The 21st of December, 2022 will mark 50 years of when the Australian Government officially and formally recognised and established diplomatic relations with the People’s Republic of China (PRC), through the signing of a joint communiqué by the Australian and PRC ambassadors in Paris. This was a milestone achieved by the Gogh Whitlam Government and has seen a lot of great things which have mutually benefited both Australia and China, but it has also bought a whole host of problems and issues which till this day have not been resolved.
But the big question is, will relations between Australia and China improve with a new Albanese Government and will the Chinese Government react positively to warmer approaches to diplomacy as opposed to the confrontational methods employed by the previous Morrison Government.
At the recent G20 summit in Bali, Prime Minister Albanese met with Chinese President Xi Jinping breaking a 6 year diplomatic lull. This was a positive move with both leaders stating they had a productive meeting and indicated that relations are slowly getting a bit warmer.
At the National Foundation for Australia-China Relations (NFACR) dinner last month, Foreign Minister Penny Wong spoke about the relationship in her speech and there are tinges of positive moves on Australia’s part to rebuild a fragmented relationship. Before quoting some of what she said, let’s remind ourselves of the damage the Morrison led Government did with their incessant confrontational approaches on the “origins of COVID”, the military and submarine deals, the foreign interference and spy claims and accusations etc – mind you this is just a few of the things which had soured the relationship.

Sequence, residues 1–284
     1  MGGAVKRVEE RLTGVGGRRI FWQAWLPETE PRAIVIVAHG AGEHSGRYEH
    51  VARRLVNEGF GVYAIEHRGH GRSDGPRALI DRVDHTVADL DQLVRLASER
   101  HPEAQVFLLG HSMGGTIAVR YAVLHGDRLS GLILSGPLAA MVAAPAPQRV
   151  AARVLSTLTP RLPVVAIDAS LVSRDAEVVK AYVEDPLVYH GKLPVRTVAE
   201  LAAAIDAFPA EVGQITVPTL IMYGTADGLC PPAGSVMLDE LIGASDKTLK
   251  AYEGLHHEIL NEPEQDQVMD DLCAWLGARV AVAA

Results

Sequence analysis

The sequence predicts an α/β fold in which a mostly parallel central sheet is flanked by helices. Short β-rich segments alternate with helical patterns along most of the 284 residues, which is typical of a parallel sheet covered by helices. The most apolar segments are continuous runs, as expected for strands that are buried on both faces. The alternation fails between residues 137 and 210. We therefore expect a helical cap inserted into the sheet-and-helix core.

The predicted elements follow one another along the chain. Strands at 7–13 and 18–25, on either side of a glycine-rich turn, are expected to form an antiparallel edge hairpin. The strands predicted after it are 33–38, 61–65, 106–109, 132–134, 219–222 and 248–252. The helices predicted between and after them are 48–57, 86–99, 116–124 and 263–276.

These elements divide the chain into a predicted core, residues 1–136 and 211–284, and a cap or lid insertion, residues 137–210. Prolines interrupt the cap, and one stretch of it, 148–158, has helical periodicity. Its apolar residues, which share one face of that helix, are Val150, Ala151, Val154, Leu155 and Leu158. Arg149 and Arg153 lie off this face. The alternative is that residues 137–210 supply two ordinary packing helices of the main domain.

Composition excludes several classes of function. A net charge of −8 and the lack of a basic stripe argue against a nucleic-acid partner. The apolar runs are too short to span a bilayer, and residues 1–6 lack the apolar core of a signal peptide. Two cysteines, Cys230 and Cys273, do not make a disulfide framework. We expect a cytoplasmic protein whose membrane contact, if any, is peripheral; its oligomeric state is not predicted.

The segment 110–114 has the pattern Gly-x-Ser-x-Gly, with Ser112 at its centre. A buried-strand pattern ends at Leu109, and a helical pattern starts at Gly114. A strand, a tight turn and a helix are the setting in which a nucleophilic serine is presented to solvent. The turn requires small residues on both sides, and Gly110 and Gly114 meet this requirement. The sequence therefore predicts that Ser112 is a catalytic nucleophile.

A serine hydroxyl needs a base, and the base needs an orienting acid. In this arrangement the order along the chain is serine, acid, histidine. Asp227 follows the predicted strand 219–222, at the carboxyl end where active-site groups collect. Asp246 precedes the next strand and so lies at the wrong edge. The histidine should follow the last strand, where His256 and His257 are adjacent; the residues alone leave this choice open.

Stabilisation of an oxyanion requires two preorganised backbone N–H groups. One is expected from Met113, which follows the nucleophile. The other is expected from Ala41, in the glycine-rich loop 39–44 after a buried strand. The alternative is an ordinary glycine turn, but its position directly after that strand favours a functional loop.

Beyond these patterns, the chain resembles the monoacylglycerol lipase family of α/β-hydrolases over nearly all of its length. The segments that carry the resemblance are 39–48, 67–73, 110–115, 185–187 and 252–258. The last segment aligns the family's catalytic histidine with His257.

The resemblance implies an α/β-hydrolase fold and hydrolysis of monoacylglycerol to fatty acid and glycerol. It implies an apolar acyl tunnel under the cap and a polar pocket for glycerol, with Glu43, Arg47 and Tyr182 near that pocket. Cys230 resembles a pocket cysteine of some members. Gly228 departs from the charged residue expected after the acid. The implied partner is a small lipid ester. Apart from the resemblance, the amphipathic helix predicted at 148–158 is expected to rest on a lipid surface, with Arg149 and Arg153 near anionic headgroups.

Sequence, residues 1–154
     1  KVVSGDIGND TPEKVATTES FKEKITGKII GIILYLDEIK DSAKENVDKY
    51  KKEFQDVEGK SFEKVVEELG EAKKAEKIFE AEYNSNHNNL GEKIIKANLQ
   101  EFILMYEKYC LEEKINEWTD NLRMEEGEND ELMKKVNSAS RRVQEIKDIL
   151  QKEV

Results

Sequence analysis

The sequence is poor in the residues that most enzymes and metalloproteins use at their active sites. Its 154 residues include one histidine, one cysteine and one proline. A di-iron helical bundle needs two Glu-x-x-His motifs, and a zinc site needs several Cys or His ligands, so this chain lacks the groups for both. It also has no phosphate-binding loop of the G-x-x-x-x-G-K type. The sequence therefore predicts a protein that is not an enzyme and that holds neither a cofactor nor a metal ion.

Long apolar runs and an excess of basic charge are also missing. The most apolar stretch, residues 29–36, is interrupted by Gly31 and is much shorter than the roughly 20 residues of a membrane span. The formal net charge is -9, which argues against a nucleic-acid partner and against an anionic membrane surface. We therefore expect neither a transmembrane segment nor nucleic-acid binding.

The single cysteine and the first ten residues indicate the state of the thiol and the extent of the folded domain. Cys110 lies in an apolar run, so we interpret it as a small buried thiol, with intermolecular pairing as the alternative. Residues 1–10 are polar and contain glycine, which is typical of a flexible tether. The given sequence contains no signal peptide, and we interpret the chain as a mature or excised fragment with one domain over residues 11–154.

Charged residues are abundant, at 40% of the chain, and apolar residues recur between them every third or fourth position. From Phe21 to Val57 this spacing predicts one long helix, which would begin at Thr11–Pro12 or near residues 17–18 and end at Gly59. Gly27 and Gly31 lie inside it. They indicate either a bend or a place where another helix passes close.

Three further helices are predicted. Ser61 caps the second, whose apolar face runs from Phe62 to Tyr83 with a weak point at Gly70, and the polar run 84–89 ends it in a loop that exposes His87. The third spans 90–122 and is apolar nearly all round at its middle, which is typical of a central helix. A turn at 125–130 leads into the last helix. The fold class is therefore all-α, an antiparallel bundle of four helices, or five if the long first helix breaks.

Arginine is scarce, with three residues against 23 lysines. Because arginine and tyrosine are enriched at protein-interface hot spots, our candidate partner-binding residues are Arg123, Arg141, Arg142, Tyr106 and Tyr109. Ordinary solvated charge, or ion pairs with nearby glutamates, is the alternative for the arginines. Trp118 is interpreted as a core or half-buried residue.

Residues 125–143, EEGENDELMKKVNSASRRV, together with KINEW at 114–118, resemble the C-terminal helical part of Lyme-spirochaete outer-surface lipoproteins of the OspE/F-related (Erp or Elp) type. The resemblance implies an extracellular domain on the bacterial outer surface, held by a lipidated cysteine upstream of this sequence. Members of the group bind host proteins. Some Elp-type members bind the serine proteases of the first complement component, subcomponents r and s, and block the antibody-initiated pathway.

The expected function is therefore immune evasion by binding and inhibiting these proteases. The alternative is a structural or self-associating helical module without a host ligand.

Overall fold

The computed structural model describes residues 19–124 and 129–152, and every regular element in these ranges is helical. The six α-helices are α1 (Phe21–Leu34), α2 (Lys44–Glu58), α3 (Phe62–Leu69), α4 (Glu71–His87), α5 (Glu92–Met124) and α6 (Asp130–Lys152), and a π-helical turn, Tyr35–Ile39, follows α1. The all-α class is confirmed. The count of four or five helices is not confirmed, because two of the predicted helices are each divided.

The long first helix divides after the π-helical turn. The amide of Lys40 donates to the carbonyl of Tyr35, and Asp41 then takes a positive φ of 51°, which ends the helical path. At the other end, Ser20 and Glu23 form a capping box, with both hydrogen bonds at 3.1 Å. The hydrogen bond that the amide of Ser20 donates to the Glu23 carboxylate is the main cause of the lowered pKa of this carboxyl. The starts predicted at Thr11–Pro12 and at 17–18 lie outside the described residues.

Essentially, in the years of 2018 all the way till May 2022, a lot of damage was done, with the then Prime Minister and the then Foreign Minister Peter Dutton and other members of the senior ministry not adhering to calls from the Chinese Australian community to tone down their attacks and to change their language and tone on how these geo-political issues were discussed.
Now this is not saying those accusations had no validity – like any other major global super power all those issues such as spying, foreign interference, human rights etc exist – so the Chinese Government shouldn’t be absolved from criticisms, but in those years there was a narrow focus and target placed on the back of China to be blamed for everything where countries such as USA who commits the same things were left unscathed. These targets by the former Government compounded by the COVID-19 pandemic and the “everything China is bad” global narrative have greatly contributed to the ongoing issues of anti-China and anti-Asian racism in Australia and in other parts of the world.
To Minister Wong’s speech at the NFACR dinner last month. Her words seem to indicate that there are plans to try and repair the relationship, but doing so doesn’t mean the Australian Government will stay silent on issues which conflict with its national interest.
We will look for mutual opportunities to cooperate with China, including in clean energy transition and other areas.
Growing our bilateral relationship need not be in conflict with upholding our national interest, if we both navigate our differences wisely.
To this end, we welcome renewed dialogue between our countries and look forward to it continuing.
Even when we have differences, by working together, and with mutual respect, we can help ensure our people, those of the countries in our region, and the wider world will enjoy the stability, peace, and prosperity we have been privileged to share over the past fifty years.
Anyways, let us know what you think!